If improving the final product is easier than ever today, Kinney is not entirely comfortable with the idea of post-production. “I’m still coming to grips with it,” he says. “I’ll play the whole song and then if there’s one or two little screw-ups or weird things or something, then I’m learning to be okay with [fixing it], but we don’t go in there, ’Hey, we’re going to do it in tiny pieces and play the verse four different ways and have the producer slap it together’ … We don’t do that at all. We go for performance takes. We play the whole thing and maybe there’s some punch-ins here and there or we might fly something from one other full take or take the outro out because it’s better on that one.
“We use the technology but we don’t rely on it, and so it takes us longer to make records,” he continues. “We’re from the school of you had to play your song right [in the studio] since you are going to have to play it eventually somewhere, right? But at the same time, we’re not going for ’70s Tom Petty style, where he’s trying to get the perfect live take by doing the song 150 times if necessary.
“We want to be able to play the song even if everything isn’t mapped out. I don’t always come in and have every fill mapped out. For me it’s more interesting to not do that.”
It’s the things that Kinney doesn’t do that stand out. When he does need to accent, like the unexpected strike on the 19" AA in “Beneath A Window,” it practically detonates. “I think that comes with maturity and having been doing it for a while. That one crash that puts a shiver down your arms and you don’t know why, but then a big huge drum fill just pulls you out of the whole vibe of the song.”
Drums DW Collector's Series ("Psychedelic Liberace" custom finish)
1 23" x 18" Bass Drum
2 14" x 7" Edge Snare
3 13" x 9" Tom
4 16" x 14" Floor Tom
5 18" x 16" Floor Tom
6 15" x 13" Floor Tom
7 8" x 7" Tom
A 15" Sizzle HH Hit-Hat
B 19" AA Rock Crash
C 7" Vault Radia Bell
D 20" AA Rock Crash
E 9" Vault Radia Bell
F 24" Vault Liquid Ride
G 21" Medium Crash/Ride
H 19" Paragon China
I 22" AA Medium Crash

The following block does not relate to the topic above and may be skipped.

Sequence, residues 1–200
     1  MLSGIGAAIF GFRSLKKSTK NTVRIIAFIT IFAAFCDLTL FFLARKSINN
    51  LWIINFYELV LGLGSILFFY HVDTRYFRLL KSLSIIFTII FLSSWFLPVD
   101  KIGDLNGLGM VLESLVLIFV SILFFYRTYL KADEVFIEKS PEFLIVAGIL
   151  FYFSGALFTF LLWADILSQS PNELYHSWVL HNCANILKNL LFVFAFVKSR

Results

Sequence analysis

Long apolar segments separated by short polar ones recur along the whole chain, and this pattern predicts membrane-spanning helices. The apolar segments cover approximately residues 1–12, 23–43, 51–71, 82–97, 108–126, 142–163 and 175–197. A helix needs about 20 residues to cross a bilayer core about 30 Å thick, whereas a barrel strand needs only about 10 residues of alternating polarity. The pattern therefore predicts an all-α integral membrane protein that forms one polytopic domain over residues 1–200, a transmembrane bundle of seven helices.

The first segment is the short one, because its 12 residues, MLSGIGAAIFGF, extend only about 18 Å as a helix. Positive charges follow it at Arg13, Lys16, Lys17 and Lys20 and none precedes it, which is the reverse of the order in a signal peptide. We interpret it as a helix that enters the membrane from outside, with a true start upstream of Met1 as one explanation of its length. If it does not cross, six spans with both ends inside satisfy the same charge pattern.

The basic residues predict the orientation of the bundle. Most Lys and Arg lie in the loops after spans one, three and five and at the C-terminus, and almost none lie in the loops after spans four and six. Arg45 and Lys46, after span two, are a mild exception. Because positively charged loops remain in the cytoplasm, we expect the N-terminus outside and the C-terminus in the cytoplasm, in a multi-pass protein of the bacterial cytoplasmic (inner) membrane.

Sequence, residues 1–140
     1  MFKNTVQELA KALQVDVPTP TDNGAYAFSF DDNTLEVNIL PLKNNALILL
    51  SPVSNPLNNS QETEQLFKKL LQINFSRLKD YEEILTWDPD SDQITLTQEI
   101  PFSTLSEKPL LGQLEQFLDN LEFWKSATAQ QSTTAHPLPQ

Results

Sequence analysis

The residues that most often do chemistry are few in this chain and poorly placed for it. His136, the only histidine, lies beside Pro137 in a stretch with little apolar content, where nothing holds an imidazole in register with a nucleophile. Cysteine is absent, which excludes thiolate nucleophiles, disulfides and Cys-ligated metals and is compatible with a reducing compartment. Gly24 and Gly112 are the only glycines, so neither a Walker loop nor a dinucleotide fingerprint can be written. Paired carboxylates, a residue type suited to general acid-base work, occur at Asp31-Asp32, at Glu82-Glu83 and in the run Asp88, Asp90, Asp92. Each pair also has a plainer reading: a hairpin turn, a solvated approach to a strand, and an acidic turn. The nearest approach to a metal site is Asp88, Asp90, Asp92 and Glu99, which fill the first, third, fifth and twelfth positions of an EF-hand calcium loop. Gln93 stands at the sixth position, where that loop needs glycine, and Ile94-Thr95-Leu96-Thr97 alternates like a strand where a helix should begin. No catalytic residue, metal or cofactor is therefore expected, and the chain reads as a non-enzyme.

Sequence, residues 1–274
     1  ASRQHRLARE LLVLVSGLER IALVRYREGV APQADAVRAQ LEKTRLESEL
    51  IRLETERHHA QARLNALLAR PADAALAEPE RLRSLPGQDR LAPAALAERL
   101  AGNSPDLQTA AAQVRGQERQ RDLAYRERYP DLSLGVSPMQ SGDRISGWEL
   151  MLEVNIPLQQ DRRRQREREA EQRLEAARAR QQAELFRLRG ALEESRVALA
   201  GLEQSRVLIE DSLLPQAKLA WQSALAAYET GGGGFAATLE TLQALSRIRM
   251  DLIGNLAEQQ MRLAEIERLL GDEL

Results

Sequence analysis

Sean Kinney also uses DW hardware, Vater Nude Series Universal sticks, and Remo heads (Coarted Emperor, tom batter; Coated Controlled Sound snare batter, and Clar Power stroke3 bass batter).
Whether we’re calling it alt-metal, sludge, grunge or something else, Alice In Chains is about great songs that transcend marketing categories. “[Devil] sounds like we sound when we do the thing we do,” he says sounding slightly Zen. “We’ve been through a lot. We’ve lost a lot. And for us to be able to continue that and still be who we are, and honor the past and try to move forward, is really the challenge that keeps us going – especially in a day and age where it’s almost pointless. If you’re getting into this game to be rich and be on Cribs, good luck with that. It ain’t going to happen.”
Dated MTV references aside, the only time Kinney shows his age is when he rails against the way music consumer behavior has changed, echoing the infamous Lars Ulrich campaign against Napster. But the drummer reserves his deepest ire for labels seeking instant mega-sellers instead of nurturing an artist over the long term. “How can people expect to get good music when it’s not supported?”
In another echo of the past, Alice filmed a visually stunning video for first single “Hollow” (evocative of sci-fi films such as Silent Running or Solaris). Besides the disturbing storyline – as opposed to all the cutesy irony of today’s videos – it’s a ballsy move that recalls the days of big budgets and other excesses. Kinney doesn’t see it that way: “I don’t know if there’s a real way to quantify if it really helps the presence of your band or not,” he says. “I’m sure it does on some levels, but does it justify the cost? Probably not. But it’s about the creative process and the art of the whole thing.”
How long can Alice In Chains, to paraphrase Kinney, ’do the thing they do?’ When we ask, he proceeds to paint a picture of himself playing “Man In A Box” when he’s 79 before audibly shuddering. But it’s not the kind of thing that keeps him up at night. Even during the band’s uncertain post—Jar Of Flies years, the drummer continued to ply his trade, most notably in Cantrell’s solo project, Boggy Depot, which showcases more sophisticated pop licks and drum flare than most anything in Alice In Chains. “That’s cool if Jerry wants to do [Boggy Depot] again, but this is what were doing now.”
As the sun goes down it’s clear Kinney wants to get off the phone. He’s got errands to run before he showers and picks out a non-douche-y outfit for the Soundgarden show. “Their new record’s good. I’m not saying that because they’re my friends.”
Pearl Jam, Alice In Chains, Nirvana, Soundgarden – the Seattle stars all came up together. Kinney recalls that period as a mutually nurturing scene rather than a competitive one between the bands and their respective drummers. Drumming influences tend to be guys he would hang out with even if they weren’t noted players. “A lot of them are peers and people I know as friends. Brann [Dailor] is one of the newer ones. I love the way Abe Cunningham plays – he’s a great guy. Josh Freese is just amazing. He always seems to play the right thing. You know, just good friends like Matt Cameron, Matt Chamberlin. Interesting, cools guys that march to their own thing.
“I’m not a fame-chasing kind of guy,” he adds. “I don’t have my ego running my world for me. I appreciate the simpler stuff. Phil Rudd is probably one of the greatest rock drummers ever. And I don’t feel like I need to compete with anybody – I just don’t. I’m the best drummer in my band. And that’s because nobody else can play drums in my band. I got that down.”